If you're planning a trip down to the Jersey shore anytime soon, plan to see some unfamiliar faces! And no...we're not talking about the AC tourists. According to NJ.com, calls have been pouring in from every town along the 1,800 miles of coastline in New Jersey.  Seals are showing up on the beaches at rates that have officials, like the Marine Mammal Stranding Center,  taking to social media to warn beach-goers to stay clear.

Center Director Bob Schoelkopf said they're currently at maximum capacity with 15 gray seal pups at its Brigantine-based headquarters. Apparently, February and March are "pupping season," when young seals get turned loose by their mothers and are left to fend for themselves. In which case some seals, he says, are slightly undernourished and in need of care before being released.

One of these seal pups was found March 26 in Manasquan with shark bites on it's stomach... so that's a whole other story.

Schoelkopf says that seals feed on the smaller fish that migrate north along the coast for the summer. And after they're done feeding, the seals hop on the beaches to bask in the sun to sleep and replenish the oxygen level in their blood. However, the problem is that as the weather gets warmer, more people flock to the beaches and encounter the seals!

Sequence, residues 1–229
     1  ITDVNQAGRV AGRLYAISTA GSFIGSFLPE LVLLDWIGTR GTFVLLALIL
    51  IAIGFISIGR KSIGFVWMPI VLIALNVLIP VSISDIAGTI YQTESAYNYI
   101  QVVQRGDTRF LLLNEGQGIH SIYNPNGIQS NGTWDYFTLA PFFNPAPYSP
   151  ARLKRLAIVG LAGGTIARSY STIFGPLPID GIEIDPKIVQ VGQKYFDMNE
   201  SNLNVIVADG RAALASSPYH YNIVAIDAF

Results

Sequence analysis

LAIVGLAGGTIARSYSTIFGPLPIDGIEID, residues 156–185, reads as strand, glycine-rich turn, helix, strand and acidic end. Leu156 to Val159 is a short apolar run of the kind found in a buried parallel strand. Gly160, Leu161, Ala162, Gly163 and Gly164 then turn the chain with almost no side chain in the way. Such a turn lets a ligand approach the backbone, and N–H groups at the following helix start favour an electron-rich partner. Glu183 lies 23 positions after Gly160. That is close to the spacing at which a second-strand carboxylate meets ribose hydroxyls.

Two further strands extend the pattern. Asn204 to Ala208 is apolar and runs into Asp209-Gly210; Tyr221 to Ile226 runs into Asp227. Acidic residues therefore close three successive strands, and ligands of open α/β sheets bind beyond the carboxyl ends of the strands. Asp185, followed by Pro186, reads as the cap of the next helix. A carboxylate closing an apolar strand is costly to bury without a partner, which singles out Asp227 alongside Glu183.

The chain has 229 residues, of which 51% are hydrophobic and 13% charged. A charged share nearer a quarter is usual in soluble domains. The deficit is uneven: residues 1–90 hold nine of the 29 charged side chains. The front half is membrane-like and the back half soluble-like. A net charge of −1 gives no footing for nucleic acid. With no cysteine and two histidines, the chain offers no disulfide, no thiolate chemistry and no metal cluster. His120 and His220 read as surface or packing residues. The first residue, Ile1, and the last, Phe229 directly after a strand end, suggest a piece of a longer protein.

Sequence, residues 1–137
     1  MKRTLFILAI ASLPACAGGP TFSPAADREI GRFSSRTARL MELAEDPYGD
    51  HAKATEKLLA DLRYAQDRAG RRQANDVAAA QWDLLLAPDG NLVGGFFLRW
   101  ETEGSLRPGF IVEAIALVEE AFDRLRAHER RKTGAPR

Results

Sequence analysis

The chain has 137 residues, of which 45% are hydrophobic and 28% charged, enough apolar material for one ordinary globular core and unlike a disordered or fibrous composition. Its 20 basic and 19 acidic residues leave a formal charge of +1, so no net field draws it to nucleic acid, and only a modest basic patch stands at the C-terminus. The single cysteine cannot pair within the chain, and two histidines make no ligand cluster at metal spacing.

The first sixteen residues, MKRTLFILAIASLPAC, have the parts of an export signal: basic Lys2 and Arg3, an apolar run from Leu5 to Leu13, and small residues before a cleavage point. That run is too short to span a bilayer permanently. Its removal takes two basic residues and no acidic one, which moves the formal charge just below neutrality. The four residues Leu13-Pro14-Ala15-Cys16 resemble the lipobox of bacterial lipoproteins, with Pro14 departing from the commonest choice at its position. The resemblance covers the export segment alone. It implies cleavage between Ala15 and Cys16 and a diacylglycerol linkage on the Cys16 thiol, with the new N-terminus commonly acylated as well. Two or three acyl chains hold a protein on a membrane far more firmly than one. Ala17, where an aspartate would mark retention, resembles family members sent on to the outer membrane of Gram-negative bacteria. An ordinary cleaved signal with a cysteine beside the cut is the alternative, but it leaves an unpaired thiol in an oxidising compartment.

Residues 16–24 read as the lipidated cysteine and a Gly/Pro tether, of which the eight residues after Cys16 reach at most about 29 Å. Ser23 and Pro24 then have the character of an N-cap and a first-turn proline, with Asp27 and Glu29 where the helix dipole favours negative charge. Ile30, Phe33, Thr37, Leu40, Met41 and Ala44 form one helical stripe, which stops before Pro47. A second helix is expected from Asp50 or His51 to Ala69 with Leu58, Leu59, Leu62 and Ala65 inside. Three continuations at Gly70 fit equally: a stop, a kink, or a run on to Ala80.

Officials are warning beachgoers to stay at least 50 yards from the seals. So for all my social media bugs out there...avoid trying to take selfies!  For one, Schoelkopf said, it's against federal regulations to touch the animals. And they bite.

Anyone who sees a seal on the beach is urged to call the Marine Mammal Stranding Center at 609-266-0538.

Seal Pups Thrive At The Donna Nook Reserve
Credit: Dan Kitwood, Getty Images

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